Final Thoughts I am all for supplementary books that dig deeper into the hows and whys of the design of the game. I love any game system that will spend time examining campaign styles and how the rules work in a manner to support those styles
I like the way these books are structured. I know there may be some people that don’t appreciate two separate products where maybe half the content is in common between them, but I understand the concept of this product line. I think a player that wants to take the time to invest in the game is going to get a lot out of the Player’s Guide. If a Gamemaster isn’t interested in addressing the new player facing rules in the Player’s Guide, they will still get a lot of functionality from the Gamemaster’s Guide, but I think Gamemasters may end up getting the most from owning both volumes.
I mentioned earlier that some of the explanations of Federation society was much clearer and better presented than I’ve seen in other material. I like that there are suggested episodes to get highlights of the genre, and even after running the game for a year, I think I understand some of the role abilities better after reading these books.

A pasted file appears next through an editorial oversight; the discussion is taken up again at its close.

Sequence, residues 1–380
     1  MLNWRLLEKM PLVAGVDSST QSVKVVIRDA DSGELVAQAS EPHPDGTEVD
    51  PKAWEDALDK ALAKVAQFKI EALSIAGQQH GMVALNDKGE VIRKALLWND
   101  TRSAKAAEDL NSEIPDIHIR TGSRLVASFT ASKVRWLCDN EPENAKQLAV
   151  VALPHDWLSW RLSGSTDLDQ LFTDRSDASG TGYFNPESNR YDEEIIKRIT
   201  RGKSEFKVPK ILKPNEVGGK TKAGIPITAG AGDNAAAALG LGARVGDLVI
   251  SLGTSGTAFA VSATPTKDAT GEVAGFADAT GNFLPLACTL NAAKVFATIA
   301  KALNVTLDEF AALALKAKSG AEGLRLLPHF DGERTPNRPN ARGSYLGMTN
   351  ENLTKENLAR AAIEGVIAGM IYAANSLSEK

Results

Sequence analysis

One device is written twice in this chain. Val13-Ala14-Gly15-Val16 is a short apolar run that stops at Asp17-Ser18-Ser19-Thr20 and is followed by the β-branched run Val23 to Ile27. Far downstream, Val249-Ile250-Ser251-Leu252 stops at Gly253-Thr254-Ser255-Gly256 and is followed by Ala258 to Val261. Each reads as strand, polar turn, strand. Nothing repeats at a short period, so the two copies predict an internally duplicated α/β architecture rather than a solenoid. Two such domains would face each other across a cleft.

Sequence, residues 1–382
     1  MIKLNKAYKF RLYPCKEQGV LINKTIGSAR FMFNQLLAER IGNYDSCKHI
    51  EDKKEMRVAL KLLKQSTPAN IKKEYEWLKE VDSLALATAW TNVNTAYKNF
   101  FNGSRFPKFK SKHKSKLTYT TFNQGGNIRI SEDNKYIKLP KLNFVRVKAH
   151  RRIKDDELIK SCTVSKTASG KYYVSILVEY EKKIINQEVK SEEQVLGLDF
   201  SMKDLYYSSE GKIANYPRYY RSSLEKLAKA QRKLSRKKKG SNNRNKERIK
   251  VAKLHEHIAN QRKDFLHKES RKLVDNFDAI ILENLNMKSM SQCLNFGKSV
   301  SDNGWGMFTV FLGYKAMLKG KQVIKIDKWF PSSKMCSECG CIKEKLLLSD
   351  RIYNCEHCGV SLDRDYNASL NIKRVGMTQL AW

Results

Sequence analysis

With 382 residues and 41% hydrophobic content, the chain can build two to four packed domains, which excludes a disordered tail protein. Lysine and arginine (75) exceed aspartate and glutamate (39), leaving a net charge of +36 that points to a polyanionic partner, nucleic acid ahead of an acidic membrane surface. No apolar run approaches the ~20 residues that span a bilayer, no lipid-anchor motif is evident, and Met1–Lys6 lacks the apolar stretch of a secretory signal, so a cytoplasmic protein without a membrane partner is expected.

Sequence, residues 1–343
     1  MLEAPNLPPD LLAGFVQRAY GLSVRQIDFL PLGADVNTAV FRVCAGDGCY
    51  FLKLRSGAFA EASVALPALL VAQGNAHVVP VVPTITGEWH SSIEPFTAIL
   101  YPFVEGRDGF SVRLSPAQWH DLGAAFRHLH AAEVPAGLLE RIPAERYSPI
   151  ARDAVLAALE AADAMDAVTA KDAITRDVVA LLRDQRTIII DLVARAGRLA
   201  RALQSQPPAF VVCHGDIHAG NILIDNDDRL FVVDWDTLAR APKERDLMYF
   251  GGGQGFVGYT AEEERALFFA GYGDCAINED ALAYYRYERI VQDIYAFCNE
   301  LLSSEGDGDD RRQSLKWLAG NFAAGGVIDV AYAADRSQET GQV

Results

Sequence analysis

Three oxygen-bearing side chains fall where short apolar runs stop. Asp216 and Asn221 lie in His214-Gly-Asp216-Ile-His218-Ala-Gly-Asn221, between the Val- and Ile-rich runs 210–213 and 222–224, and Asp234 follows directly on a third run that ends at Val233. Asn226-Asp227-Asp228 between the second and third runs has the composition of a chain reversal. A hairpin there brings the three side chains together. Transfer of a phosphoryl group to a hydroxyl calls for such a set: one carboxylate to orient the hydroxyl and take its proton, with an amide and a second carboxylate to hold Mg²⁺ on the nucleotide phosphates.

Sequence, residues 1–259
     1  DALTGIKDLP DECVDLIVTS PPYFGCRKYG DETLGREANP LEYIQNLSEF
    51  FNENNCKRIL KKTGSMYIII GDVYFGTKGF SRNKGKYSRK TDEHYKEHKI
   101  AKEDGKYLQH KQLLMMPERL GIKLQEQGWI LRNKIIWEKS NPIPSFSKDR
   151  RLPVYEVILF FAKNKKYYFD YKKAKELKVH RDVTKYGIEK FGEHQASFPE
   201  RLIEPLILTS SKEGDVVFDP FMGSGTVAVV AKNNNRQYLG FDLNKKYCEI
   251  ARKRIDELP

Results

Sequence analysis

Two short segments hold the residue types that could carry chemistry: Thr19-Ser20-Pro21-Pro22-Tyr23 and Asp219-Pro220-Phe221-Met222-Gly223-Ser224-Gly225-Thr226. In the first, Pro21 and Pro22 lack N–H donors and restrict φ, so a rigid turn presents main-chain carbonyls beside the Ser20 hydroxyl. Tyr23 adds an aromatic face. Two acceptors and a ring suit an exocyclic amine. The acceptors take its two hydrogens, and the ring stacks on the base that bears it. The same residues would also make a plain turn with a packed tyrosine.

I know that books like this, that have tons of advice on campaign structures and deeper insights into the game rules and how they work, usually need to add some mechanical options to make it more tempting to buy. In this case, I think most of the mechanical options are solid additions to the game experience. They also don’t feel like they push the assumed “power level” of the character so much as address the wider roles that have been introduced.
Some of the material gets a little thin. I don’t think the example encounters are as strong as some of the mission summaries that have appeared in the mission briefs. I’m also not sure that the optional tactical rules add a whole lot to the game, as an example.
I would love to see more books that had so much discussion of safety and consent just naturally woven into the advice on how to plan campaigns and interact at the table. I also really appreciate some plain-spoken discussion on what a property has done right and where it could do better.
I am all for supplementary books that dig deeper into the hows and whys of the design of the game. I love any game system that will spend time examining campaign styles and how the rules work in a manner to support those styles. I don’t know if I can speak for everyone, but I would pay for this for other games systems as well.